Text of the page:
Crawl Space Dehumidifier Installation

If you need a dehumidifier for your crawl space, buying and installing it will not be as easy (or cheap) as a stand-alone dehumidifier. Where and how you set up your unit can affect its efficiency and effectiveness in controlling your indoor humidity and air quality. You want to make sure you’re getting the most out of your investment. 

Finding the right unit and installing it in your crawl space may seem like too daunting a task for you, and you can always consult an expert for the best solution. But if you want to try your hand at this, we’ll guide you with these general steps in crawl space dehumidifier installation.

If you’re ready, grab your tools and let’s go.

Why You Need a Crawl Space Dehumidifier

The crawl space in your house is especially prone to dampness due to its location and possible leaks or other water damage. High levels of humidity encourages mold and mildew growth. When mold starts growing in your crawl space, it can spread to your entire house through the vents. Touching mold or inhaling mold spores may cause allergic reactions, or allergy-induced asthma attacks and other respiratory conditions. 

Extreme dampness in your crawl space can also lead to structural damage in your house. Since most homeowners rarely check up on their crawl spaces, you may not notice that you have humidity problems until it’s too late. Watch out for some of these signs that you need a dehumidifier in your crawl space.

Musty odors are a common indication of mold or mildew growth. If you cannot find the source inside your house, it is most likely in your crawl space. Air rises from the crawl space and carries mold spores, dust, and other airborne particles. 

Additionally, if you have your HVAC system or other ductwork installed in the crawl space, then condensation may accumulate. Leaky pipes and other water damage can add even more humidity to the space. You may notice moisture on your windows or damp spots on the floor.

Creaking, sagging, or sloping floors may be a sign of structural damage caused by severe dampness in the crawl space. Excess moisture can lead to rotten wood and termite infestation. If you notice cracks in drywall and gaps between the floor and baseboard, this may also be signs of an underlying humidity problem. 

Crawl Space Dehumidifier Installation Guide

You have two options for installation. You can either hire a professional contractor or simply do it yourself. Now, we always recommend professional installation to make sure everything is done properly, but for handy homeowners with the right set of tools, this task may be a piece of cake. Professional installation may cost at least $500 up to $1,000, while a DIY job will  cost around $1,000 just for the tools you may not already have in your toolbox at home. Whichever you choose, the process follows more or less the same steps below.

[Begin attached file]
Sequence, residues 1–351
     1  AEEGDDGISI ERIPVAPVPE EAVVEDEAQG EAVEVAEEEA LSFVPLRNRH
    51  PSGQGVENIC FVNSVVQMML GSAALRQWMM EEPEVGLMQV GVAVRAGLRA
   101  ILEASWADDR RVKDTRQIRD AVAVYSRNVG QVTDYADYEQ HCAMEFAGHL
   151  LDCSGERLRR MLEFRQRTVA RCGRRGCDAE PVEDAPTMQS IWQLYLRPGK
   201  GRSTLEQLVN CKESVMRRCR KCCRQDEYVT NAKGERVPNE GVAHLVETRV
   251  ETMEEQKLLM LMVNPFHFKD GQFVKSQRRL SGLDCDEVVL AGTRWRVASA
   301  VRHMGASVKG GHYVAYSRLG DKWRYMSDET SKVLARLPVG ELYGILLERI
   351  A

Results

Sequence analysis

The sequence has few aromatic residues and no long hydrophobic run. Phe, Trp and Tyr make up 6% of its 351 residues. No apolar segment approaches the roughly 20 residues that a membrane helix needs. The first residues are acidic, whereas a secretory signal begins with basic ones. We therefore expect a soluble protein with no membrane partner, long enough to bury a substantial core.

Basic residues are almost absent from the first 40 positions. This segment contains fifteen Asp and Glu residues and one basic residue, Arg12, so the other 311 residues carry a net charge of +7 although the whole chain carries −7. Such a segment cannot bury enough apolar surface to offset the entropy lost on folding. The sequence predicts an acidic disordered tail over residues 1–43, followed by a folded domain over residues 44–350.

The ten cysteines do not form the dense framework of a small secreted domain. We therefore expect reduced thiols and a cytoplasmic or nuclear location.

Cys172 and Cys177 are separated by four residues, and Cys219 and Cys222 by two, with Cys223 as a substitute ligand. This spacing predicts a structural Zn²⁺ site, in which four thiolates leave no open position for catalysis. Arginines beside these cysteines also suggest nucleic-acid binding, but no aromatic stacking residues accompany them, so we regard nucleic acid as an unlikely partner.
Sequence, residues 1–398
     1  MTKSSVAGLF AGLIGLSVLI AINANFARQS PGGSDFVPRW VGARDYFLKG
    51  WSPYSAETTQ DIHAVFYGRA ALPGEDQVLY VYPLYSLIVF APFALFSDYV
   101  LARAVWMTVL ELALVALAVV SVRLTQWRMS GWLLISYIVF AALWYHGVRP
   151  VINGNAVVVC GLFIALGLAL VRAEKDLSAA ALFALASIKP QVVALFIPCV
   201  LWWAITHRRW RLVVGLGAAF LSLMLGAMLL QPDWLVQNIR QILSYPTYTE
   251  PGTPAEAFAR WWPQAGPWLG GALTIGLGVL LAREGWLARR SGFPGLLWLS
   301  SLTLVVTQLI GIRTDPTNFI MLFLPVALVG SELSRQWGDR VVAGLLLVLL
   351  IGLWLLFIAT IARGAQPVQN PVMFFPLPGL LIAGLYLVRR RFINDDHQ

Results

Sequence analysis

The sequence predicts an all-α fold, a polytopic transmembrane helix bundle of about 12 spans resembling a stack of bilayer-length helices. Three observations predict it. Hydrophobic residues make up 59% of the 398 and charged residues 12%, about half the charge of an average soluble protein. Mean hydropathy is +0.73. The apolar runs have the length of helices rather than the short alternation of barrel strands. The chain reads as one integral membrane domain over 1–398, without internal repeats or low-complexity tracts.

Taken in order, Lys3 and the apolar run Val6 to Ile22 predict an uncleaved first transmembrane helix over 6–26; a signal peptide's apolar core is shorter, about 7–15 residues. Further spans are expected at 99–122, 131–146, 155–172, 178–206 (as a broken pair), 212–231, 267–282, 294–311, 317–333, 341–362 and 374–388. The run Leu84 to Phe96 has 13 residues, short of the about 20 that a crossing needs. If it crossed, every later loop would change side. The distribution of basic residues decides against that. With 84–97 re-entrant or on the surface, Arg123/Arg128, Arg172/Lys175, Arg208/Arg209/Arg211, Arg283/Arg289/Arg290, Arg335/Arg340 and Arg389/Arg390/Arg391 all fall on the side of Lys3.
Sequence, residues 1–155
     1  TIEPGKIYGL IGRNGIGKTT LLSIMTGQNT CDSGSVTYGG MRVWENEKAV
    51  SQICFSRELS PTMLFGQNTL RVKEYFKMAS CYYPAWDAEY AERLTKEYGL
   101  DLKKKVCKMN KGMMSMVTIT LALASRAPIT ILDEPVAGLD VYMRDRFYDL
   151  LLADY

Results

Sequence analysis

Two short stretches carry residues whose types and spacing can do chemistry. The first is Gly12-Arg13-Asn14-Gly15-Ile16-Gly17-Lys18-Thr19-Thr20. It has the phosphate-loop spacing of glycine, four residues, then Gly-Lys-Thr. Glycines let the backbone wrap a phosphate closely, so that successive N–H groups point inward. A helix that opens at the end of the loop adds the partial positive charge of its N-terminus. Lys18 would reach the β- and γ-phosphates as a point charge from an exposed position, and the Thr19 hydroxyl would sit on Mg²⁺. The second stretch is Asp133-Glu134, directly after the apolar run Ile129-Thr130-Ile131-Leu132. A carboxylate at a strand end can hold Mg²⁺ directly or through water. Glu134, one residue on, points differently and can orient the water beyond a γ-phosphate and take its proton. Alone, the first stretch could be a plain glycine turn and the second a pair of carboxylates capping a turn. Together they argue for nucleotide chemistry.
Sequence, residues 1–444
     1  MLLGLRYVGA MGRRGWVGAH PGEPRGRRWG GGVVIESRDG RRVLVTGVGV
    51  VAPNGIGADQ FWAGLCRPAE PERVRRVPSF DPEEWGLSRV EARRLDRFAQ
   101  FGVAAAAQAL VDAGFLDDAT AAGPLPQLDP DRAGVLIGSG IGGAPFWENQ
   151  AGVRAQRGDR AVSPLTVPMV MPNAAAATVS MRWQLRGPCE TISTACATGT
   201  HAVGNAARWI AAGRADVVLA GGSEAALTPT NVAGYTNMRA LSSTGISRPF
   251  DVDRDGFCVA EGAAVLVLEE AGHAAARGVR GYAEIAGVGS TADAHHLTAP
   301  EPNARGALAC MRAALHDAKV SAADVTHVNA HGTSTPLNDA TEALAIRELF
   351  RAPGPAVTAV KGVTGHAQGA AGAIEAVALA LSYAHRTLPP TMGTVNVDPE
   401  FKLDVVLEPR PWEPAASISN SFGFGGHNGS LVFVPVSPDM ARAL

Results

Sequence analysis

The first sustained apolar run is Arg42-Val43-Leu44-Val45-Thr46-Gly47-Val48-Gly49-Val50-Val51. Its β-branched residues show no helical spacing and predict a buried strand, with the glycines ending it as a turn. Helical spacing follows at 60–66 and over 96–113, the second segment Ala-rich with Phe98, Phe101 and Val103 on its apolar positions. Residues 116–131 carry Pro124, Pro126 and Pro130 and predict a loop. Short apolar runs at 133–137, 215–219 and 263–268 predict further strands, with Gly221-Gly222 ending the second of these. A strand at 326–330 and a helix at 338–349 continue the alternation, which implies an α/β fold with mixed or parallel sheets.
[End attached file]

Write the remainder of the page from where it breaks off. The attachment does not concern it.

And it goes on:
Choose the Right Dehumidifier

When choosing a crawl space dehumidifier, some of the most important factors you must consider are the area and the level of dampness in the space. Manufacturers design compact, horizontal crawl space dehumidifiers for this purpose. Measure the dimensions of your space and make sure the dehumidifier you choose can fit perfectly with enough room to move around. Crawl space dehumidifier capacity ranges from 70 pints up to 200 pints per day. Look for signs of dampness or measure the exact levels of humidity to get the ideal pint capacity for your home.

Pick the Best Location

Dehumidifiers are usually placed in the middle or on one side of the room to maximize coverage, but finding the ideal location can be trickier for a crawl space unit. The best placement for a dehumidifier is always where the air can flow with no blockage. 

Keep in mind that high capacity dehumidifiers can be quite loud, so consider this before installing it near areas where noise would be inconvenient. You may also want to keep your dehumidifier easily accessible for regular cleaning and maintenance. Drainage is another factor to consider when finding the best location to install your dehumidifier.

Set Up Drainage

Most crawl space dehumidifiers feature continuous draining through a drain hose. One possible downside with this is you’ll need to have a floor drain nearby. Gravity drainage will only work if the unit is in a higher placement than the drain.